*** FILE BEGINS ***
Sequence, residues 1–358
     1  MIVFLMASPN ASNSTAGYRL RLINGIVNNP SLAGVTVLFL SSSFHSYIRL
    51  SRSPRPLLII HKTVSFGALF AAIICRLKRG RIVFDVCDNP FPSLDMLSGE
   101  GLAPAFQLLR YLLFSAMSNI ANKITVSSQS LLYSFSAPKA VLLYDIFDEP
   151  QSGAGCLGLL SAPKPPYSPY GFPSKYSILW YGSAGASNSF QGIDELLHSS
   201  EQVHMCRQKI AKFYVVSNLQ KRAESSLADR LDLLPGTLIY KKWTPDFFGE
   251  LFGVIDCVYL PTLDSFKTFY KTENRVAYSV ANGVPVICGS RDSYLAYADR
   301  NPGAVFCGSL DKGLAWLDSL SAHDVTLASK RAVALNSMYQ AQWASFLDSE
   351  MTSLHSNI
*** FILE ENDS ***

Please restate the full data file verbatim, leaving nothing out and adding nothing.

Sequence, residues 1–358
     1  MIVFLMASPN ASNSTAGYRL RLINGIVNNP SLAGVTVLFL SSSFHSYIRL
    51  SRSPRPLLII HKTVSFGALF AAIICRLKRG RIVFDVCDNP FPSLDMLSGE
   101  GLAPAFQLLR YLLFSAMSNI ANKITVSSQS LLYSFSAPKA VLLYDIFDEP
   151  QSGAGCLGLL SAPKPPYSPY GFPSKYSILW YGSAGASNSF QGIDELLHSS
   201  EQVHMCRQKI AKFYVVSNLQ KRAESSLADR LDLLPGTLIY KKWTPDFFGE
   251  LFGVIDCVYL PTLDSFKTFY KTENRVAYSV ANGVPVICGS RDSYLAYADR
   301  NPGAVFCGSL DKGLAWLDSL SAHDVTLASK RAVALNSMYQ AQWASFLDSE
   351  MTSLHSNI